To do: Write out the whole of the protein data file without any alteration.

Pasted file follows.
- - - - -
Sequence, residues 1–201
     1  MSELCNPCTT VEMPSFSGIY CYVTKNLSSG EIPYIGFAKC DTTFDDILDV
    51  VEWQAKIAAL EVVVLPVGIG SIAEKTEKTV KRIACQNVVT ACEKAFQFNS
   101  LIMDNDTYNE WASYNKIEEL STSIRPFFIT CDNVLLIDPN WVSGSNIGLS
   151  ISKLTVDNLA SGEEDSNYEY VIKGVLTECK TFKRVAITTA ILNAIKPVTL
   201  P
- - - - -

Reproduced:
Sequence, residues 1–201
     1  MSELCNPCTT VEMPSFSGIY CYVTKNLSSG EIPYIGFAKC DTTFDDILDV
    51  VEWQAKIAAL EVVVLPVGIG SIAEKTEKTV KRIACQNVVT ACEKAFQFNS
   101  LIMDNDTYNE WASYNKIEEL STSIRPFFIT CDNVLLIDPN WVSGSNIGLS
   151  ISKLTVDNLA SGEEDSNYEY VIKGVLTECK TFKRVAITTA ILNAIKPVTL
   201  P